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Sox not out to hurt anyone, but they will protect teammates who get hit by pitches

Chicago White Sox v Kansas City Royals

Chicago White Sox v Kansas City Royals

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Updated: March 25, 2013 6:37AM



GLENDALE, Ariz. — There was a time — and it wasn’t that long ago — when opposing pitchers had little or no fear of pitching inside to the White Sox. Maybe it had something to do with not fearing retribution.

In the last five seasons of former manager Ozzie Guillen’s tenure (2007-11), Sox hitters were hit more than Sox opponents by a 3-2 ratio. In 2011, Sox batters were hit an American League-high 84 times; Sox pitchers hit oppo-
sing batters 44 times.

Plate-crowder Carlos Quentin’s 23 hit-by-pitches boosted one side of the ledger, but bench coach Mark Parent made it clear the Robin Ventura-managed Sox wouldn’t condone such a discrepancy when he declared, ‘‘You hit our guys, we’ll hit yours,’’ at SoxFest 2012.

That created enough of a stir that Parent stayed mum on the subject when asked about it recently.

‘‘I got in trouble at Sox-
Fest,’’ he explained.

The numbers spoke for themselves last season, when Sox pitchers hit a
major-league-high 68 batters and Sox batters were hit 65 times. Quentin was gone, lowering one figure, and many of right-hander Gavin Floyd’s team-high 14 hit batsmen came on breaking pitches to left-handed hitters that got away.

But retaliation was obvious when right-hander Philip Humber threw a pitch behind the Cubs’ Bryan LaHair after Jeff Samardzija had hit Paul Konerko in the eye and when left-hander Jose Quintana threw behind the Tampa Bay Rays’ Ben Zobrist after A.J. Pierzynski was hit by Alex Cobb. Quintana was ejected, but he gained instant respect in the Sox’ clubhouse.

‘‘You have to be smart and
don’t hit a guy just because your guy got hit and vice versa,’’ Sox left-hander Chris
Sale said. ‘‘You have to be involved in the game and pay attention to the scenarios of what’s going on to know what’s right and what’s wrong and if it was intentional or not.’’

The Sox are far from headhunters, but they will stick up for their own. Sale said the clubhouse is close-knit, which plays into the sense of protection.

‘‘Absolutely,’’ he said. ‘‘I consider everybody in this clubhouse as my family. You spend eight months with these guys and grow bonds and friendships. You take it personally if something happens to them. It is like that. You do have to protect your players.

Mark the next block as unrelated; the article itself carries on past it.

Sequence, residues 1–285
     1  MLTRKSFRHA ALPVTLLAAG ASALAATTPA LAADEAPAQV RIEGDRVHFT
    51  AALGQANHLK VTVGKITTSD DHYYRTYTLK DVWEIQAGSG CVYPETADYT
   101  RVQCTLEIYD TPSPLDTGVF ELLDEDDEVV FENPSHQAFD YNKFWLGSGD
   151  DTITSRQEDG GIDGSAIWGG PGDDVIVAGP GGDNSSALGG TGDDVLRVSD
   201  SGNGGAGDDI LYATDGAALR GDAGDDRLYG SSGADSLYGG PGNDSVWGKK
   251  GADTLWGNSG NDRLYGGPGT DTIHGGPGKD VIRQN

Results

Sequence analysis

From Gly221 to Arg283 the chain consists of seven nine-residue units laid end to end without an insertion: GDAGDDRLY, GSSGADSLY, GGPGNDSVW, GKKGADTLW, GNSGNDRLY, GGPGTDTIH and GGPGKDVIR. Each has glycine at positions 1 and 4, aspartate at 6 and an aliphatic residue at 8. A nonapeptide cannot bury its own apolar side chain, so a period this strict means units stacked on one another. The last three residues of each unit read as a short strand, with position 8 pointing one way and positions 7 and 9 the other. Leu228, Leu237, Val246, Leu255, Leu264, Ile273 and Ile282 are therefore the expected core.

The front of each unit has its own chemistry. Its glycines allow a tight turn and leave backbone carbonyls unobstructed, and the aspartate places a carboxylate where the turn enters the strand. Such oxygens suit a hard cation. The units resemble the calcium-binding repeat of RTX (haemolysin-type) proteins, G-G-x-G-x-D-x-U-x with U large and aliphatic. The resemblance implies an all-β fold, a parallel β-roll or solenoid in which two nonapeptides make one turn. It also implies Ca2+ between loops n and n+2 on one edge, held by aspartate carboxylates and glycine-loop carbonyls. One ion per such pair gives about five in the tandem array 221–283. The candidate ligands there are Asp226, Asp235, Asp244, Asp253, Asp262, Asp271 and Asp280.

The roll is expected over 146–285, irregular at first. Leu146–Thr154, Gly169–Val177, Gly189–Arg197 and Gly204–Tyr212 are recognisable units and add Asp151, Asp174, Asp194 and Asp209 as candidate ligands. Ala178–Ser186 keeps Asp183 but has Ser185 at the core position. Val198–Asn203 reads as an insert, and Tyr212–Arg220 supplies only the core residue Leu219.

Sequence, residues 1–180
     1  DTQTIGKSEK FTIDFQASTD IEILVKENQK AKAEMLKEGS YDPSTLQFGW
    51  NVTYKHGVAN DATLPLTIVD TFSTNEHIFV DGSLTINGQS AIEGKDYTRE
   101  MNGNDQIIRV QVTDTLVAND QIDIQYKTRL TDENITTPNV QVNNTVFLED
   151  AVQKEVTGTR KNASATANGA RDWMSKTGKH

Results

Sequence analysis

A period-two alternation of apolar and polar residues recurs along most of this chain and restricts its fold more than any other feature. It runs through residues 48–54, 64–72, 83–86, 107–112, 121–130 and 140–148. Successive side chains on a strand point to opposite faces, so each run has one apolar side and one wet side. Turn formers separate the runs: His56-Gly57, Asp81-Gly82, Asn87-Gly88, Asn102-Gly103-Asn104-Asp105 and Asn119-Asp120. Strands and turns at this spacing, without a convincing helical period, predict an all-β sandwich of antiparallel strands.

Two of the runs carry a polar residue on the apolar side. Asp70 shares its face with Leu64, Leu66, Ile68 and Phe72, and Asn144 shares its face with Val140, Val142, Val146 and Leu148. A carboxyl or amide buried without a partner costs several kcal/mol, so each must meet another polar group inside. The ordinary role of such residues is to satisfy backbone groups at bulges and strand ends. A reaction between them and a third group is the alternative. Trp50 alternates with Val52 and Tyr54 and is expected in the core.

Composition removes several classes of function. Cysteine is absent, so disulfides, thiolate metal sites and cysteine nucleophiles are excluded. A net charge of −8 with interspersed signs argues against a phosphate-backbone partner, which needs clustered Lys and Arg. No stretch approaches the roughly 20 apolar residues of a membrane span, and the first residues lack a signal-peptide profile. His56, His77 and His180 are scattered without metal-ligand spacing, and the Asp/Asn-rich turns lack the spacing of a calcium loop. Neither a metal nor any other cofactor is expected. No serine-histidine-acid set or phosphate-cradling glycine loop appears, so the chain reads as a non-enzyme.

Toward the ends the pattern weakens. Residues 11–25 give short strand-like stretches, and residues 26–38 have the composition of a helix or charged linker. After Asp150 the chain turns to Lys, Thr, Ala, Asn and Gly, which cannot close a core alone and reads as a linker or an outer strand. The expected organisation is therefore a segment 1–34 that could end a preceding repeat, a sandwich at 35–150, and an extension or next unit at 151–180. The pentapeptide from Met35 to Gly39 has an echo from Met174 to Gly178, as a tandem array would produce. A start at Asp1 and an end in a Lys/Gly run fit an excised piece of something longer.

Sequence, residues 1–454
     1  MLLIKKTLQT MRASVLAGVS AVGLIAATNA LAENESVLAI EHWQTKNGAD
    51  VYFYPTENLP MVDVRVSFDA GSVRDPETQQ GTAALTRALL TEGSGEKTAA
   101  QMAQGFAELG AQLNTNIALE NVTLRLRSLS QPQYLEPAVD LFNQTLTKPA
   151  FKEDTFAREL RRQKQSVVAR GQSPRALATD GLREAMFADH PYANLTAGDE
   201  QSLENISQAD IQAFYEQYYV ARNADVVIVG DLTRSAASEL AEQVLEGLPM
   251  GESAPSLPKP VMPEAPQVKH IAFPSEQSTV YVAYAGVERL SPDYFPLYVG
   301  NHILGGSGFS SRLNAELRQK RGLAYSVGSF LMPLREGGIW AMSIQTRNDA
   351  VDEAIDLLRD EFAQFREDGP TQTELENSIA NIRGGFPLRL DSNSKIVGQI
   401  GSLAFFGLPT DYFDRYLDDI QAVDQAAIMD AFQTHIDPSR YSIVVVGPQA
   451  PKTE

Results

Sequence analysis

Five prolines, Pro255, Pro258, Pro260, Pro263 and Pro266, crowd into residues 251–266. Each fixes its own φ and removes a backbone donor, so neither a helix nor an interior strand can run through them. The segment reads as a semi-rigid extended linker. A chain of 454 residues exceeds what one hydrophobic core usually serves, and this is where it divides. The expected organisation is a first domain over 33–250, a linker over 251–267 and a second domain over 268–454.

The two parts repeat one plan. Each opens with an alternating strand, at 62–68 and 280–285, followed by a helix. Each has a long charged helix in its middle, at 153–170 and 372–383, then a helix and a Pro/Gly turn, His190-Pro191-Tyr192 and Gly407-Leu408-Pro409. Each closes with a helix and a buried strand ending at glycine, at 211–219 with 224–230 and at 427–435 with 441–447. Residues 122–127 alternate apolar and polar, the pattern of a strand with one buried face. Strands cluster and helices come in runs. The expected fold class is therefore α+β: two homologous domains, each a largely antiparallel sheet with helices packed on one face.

‘‘It’s a sense of pride, too. You’re not going to let your big guys go out there and get hit all over the yard and not do anything about it. You also have to be smart about it.’’

Most hit-by-pitches stem from pitchers trying to hit the inside corner or go in a few inches off the plate. The Sox think their pitchers will do a better job of pitching inside this season with Tyler Flowers as their No. 1 catcher. Flowers sets up more aggressively over the inside corner than Pierzynski, who was allowed to leave in free agency.

‘‘Pitching inside is pretty darn big,’’ Flowers said. ‘‘If I’m hitting and I’m not worried about a guy throwing inside, that makes my
approach a lot easier. If you can eliminate half the plate with no concern, that’s really simplifying it.’’

New Sox reliever Matt Lindstrom recalls accidentally hitting Shawn Green during his rookie season in 2007 and subsequently going on a streak of 15 or 16 scoreless appearances.

‘‘Just because guys don’t want to get hit with 97 or 98 [mph pitches],’’ Lindstrom said. ‘‘I can imagine because pitchers don’t want to get hit with [a] 100 [mph line drive] coming back at you. So you definitely have to have that mind-set where you can’t be scared to go inside. Pitching inside is a must.’’

‘‘Sometimes you have to go in and go in hard,’’ Sale said. ‘‘The biggest thing is, you can’t be afraid to hit a guy. That’s not your intention, obviously, but if you throw a fastball inside to a righty and you’re like, ‘I don’t want to hit him,’ you’re probably going to be asking for a new [baseball to replace a home-run ball]. So if you’re going to pitch in, you have to be fully committed to it and not be afraid of what might happen afterwards.’’

As Flowers said, it’s tough to be successful without
being a little bit nasty.

‘‘You hit a few guys, and that’s not always a bad thing,’’ Flowers said. ‘‘Let guys know, ‘Hey, I’m not afraid to go in there if you’re going to crowd the plate.’ Be aggressive going in there. Take control of the plate. It’s our plate, not theirs.’’



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